Improbable Scholars: The Rebirth of a Great American School System and a Strategy for America's Schools

Improbable Scholars The Rebirth of a Great American School System and a Strategy for America s Schools No school district can be all charismatic leaders and super teachers It can t start from scratch and it can t fire all its teachers and principals when students do poorly Great charter schools can on

  • Title: Improbable Scholars: The Rebirth of a Great American School System and a Strategy for America's Schools
  • Author: David L. Kirp
  • ISBN: 9780199987498
  • Page: 151
  • Format: Hardcover
  • No school district can be all charismatic leaders and super teachers It can t start from scratch, and it can t fire all its teachers and principals when students do poorly Great charter schools can only serve a tiny minority of students Whether we like it or not, most of our youngsters will continue to be educated in mainstream public schools The good news, as David L.No school district can be all charismatic leaders and super teachers It can t start from scratch, and it can t fire all its teachers and principals when students do poorly Great charter schools can only serve a tiny minority of students Whether we like it or not, most of our youngsters will continue to be educated in mainstream public schools The good news, as David L Kirp reveals in Improbable Scholars, is that there s a sensible way to rebuild public education and close the achievement gap for all students Indeed, this is precisely what s happening in a most unlikely place Union City, New Jersey, a poor, crowded Latino community just across the Hudson from Manhattan The school district once one of the worst in the state has ignored trendy reforms in favor of proven game changers like quality early education, a word soaked curriculum, and hands on help for teachers When beneficial new strategies have emerged, like using sophisticated data crunching to generate pinpoint assessments to help individual students, they have been folded into the mix The results demand that we take notice from third grade through high school, Union City scores on the high stakes state tests approximate the statewide average In other words, these inner city kids are achieving just as much as their suburban cousins in reading, writing, and math What s even impressive, nearly ninety percent of high school students are earning their diplomas and sixty percent of them are going to college Top students are winning national science awards and full rides at Ivy League universities These schools are not just good places for poor kids They are good places for kids, period Improbable Scholars offers a playbook not a prayer book for reform that will dramatically change our approach to reviving public education.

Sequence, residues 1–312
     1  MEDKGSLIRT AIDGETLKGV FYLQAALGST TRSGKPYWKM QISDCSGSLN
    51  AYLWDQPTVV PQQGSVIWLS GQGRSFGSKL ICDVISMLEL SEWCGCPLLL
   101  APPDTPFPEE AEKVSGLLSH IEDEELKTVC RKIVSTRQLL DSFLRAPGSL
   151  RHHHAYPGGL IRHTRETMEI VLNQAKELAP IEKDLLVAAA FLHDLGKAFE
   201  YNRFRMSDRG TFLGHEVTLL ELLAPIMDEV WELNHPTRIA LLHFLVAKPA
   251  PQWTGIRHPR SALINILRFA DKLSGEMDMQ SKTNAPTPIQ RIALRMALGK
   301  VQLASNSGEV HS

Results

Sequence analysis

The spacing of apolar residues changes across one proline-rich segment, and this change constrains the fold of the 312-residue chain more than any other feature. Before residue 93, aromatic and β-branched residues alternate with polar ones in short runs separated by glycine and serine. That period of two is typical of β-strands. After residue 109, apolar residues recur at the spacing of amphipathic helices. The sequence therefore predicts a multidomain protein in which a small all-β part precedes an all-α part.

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      Published :2019-09-02T18:07:52+00:00

    About "David L. Kirp"

    1. David L. Kirp